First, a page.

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Study will examine ASF risk from artificial insemination

New research will examine the risk of introducing African swine fever (ASF) via artificial insemination (AI) in pork production.

Asian Veterinarian Working And Checking The Pig In Hog Farms, An
Tzido |

Research to be conducted in Vietnam will focus on the potential introduction of the virus to a sow farm from boar studs

New research will examine the risk of introducing African swine fever (ASF) via artificial insemination (AI) in pork production.

The Swine Health Information Center (SHIC) will use funding from the U.S. Department of Agriculture (USDA) Foreign Agricultural Service (FAS) to sponsor research in Vietnam. SHIC says AI has been linked to the spread of several pig disease outbreaks.

The study will examine potential introduction of ASF to a sow farm as a result of semen movement from apparently healthy boar studs located in an ASF disease control area, SHIC said. The research will be conducted by a team from the University of Minnesota with academic partners from the Vietnam National University of Agriculture. The study will include a pro-active risk assessment systematically evaluating the potential risk of semen movements during an outbreak. Resulting information will help the U.S. swine industry continue to prepare for foreign animal disease issues as well as implement science-based prevention protocols.

This research will examine pathways of ASF introduction into boar studs and semen movement into sow farms. Researchers will also look at the simulated spread of ASF in a sow farm with multiple sows simultaneously exposed to ASF via the AI process. Present limitations on currently proposed surveillance protocols as they apply to boar studs, along with the inability to definitely show semen produced within an ASF control area is virus-free, create the necessity for research to determine what surveillance is needed, and how long semen should be held, to increase the likelihood of ASF detection.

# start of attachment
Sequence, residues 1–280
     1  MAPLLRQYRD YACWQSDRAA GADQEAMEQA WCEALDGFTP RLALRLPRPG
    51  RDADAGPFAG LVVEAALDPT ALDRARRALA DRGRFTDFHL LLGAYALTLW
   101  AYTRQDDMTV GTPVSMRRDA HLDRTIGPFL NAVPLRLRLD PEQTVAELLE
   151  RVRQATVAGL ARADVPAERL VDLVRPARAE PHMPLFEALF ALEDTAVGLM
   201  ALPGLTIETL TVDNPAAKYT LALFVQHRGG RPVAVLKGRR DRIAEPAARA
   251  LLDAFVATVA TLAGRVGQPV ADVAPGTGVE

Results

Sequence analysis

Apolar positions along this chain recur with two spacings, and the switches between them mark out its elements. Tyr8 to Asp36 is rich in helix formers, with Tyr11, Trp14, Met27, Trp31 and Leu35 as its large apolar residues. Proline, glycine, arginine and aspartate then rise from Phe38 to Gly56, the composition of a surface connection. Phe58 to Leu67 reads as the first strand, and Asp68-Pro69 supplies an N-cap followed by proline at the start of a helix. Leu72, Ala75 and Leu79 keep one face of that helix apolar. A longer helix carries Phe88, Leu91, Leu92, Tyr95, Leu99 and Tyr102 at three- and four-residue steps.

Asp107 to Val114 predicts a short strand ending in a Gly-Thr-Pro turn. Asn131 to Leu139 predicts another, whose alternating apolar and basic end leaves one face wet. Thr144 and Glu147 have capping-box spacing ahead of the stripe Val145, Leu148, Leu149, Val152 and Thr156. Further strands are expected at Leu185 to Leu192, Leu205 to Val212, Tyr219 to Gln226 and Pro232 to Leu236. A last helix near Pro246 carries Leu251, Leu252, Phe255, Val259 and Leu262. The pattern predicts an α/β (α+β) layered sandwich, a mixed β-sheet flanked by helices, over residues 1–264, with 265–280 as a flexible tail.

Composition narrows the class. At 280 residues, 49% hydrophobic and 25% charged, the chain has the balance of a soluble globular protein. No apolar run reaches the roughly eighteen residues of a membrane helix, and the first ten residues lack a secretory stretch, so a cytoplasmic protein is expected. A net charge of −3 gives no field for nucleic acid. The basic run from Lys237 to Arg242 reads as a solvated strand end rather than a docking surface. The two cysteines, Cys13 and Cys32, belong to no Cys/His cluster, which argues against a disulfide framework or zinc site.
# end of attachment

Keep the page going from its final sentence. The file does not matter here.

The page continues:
The outcome from this project will be a completed risk assessment of the likelihood of disease spread from the movement of semen from boars in an ASF disease control area.

In another recent SHIC-funded study, researchers developed a quantitative risk assessment model to estimate the probability that one or more corn or soybean meal ocean vessels contaminated with ASF virus would be imported into the U.S. annually. The model can be used to evaluate risk mitigation strategies and critical control points for inactivating ASF virus during feed ingredient processing, storage and transport, and contribute to the design and implementation of biosecurity measures to prevent the introduction of ASF into the U.S. and other ASF-free countries.

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